Elmer Omar Bascos Pizo’s first book celebrates an intimate regimen through rituals and ethnic peculiarities valued as his personal touchstones for being Filipino. The senses urge him back to memory’s homeland through poems that stir the belly’s hunger, summon a recollection of landscapes left behind, or make us wince because of the hand’s costly errors, as well as the cold-shouldered dismissals of the greater world. Yet these are not soft-lit poems of an alluring misty filter. The poet trades in roughness and impurities, too. Here, tone reconciles the contradictions of humor, anger, sarcasm, self-irony, and wit born out of pride and clumsiness. Pizo tackles the dismissive world for belittling all that it finds strange.
—Danilo Francisco M. Reyes
Ateneo de Manila University, School of Humanities
“The art of losing isn’t hard to master,” Elizabeth Bishop wrote, though she hardly meant it. The shadows that Pizo tries to leave behind in this autobiographical collection are those of country, an angry father, violence against persons and animals, guilt, racism, self-hatred. “I owned the wound, / I owned the stitches, / I owned the discomfort. / Worse, I owed him the money.” What better way to express the pain of exile and colonialism? But even in “Stitches,” Pizo surprises us with his wit, having asked for Levi’s stitches, not the Wrangler’s he got. Pizo’s poems are plain-spoken, but hardly plain. The poems are blunt, but the poet tender. A wonderful addition to Bamboo Ridge’s chorus.
—Susan M. Schultz
Elmer Omar Bascos Pizo’s “Identity” posits to be one “wiggling in the beak of a maya bird, / ... the desperate earthworm / struggling to be free.” It’s an apt metaphor for the Philippines beset by corruption, poverty, hunger, and a “common people / pining for a genuine people-serving government.” Yet the beauty of these poems makes them like “the gardenias, ylang-ylang, waling- waling, / sampaguitas, and camellias [with] coveted nectars.” With their unforgettable imagery that can elicit empathy from a wide variety of readers, these powerful poems become like bagoong “smelling like a mouse / rotting in a pool of brackish water” and yet that remains a “favorite dipping sauce.” Dip into these poems for an important read. I’ve been aware of Pizo’s poetry for years, and LEAVING OUR SHADOWS BEHIND US is a long-overdue début: “where blood / drains in its purest state.”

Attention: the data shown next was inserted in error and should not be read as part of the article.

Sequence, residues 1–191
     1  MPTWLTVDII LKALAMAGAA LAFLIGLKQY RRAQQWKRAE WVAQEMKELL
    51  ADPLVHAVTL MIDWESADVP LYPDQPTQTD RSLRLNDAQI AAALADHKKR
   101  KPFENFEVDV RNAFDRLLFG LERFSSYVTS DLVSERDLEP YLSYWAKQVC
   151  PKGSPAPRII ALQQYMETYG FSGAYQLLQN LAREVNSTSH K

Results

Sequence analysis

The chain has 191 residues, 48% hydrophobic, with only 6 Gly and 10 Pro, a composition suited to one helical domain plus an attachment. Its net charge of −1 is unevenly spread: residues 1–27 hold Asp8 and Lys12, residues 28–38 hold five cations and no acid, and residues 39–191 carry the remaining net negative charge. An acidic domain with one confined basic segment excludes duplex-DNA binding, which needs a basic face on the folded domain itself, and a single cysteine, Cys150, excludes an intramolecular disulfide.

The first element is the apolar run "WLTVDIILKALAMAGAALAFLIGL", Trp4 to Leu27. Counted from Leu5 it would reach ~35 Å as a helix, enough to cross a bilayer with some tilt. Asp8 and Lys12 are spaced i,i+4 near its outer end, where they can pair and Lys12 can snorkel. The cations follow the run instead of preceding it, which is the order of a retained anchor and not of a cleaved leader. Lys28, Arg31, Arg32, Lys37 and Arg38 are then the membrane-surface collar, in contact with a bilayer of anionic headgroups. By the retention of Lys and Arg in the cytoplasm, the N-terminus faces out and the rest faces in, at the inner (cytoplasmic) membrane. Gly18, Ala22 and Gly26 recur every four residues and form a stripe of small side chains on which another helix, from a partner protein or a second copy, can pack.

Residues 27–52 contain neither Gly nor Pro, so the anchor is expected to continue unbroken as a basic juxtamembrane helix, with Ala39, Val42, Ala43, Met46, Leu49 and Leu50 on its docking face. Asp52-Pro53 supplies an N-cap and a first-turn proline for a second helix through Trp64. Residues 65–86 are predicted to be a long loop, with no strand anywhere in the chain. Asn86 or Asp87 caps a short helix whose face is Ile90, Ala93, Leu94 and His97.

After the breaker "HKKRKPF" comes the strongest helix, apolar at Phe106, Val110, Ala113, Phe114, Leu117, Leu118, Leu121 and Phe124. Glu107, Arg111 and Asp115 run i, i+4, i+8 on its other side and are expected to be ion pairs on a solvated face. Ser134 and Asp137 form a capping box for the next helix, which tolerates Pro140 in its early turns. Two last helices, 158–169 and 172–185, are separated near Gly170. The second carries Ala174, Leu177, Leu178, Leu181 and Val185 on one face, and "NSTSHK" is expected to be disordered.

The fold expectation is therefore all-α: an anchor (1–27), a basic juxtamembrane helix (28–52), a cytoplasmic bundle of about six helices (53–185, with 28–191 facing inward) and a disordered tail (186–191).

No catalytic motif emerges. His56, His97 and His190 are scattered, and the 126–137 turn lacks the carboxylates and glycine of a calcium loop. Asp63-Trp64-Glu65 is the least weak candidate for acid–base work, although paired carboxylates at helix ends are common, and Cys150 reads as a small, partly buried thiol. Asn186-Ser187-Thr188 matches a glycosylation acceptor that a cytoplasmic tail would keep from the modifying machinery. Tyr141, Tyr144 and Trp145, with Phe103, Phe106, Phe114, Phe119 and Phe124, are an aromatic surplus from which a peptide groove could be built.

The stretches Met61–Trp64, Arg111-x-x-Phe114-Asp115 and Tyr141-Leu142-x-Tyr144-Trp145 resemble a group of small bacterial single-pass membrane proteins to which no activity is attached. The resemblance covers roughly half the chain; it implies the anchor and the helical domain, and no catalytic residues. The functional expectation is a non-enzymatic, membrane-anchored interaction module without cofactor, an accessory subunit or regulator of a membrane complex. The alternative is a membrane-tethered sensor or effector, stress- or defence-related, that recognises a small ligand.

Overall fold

Author of THE IN(TER)VENTION OF THE HAY(NA)KU
This collection of biographic poetry is a confluence between art and science, a fusion of raw scientific observation to that which is creative and artistic. The death of formalism is imminent at the turn of each page giving way to new flavors of artistry that deviate from the rule of verse. A precarious sarcasm springs forth from the persona’s rich sojourn as a native Ilocano OFW whose reminiscent experiences served as catalyst to turn in a work that laments ethnocentrism, concomitant hardships, and injustices while mocking mediocrity at the peak of its arrogance. Wounded/inspired in its tone that emanates from a rough childhood, countless struggles working under the scorching heat of the Middle East towards the freezing cold and laborious journey in the West, this artwork is a sacred protest against structuralist thinking—conjuring up a fight against long-established dogmas that never question the definition of uprightness in religion, culture, and the socio- political, while bridging the gap between that which is scientific and humanistic in nature.
—Maria Christina A. Calachan
Educator/Department of Education/Region I
Urdaneta City, Pangasinan, Philippines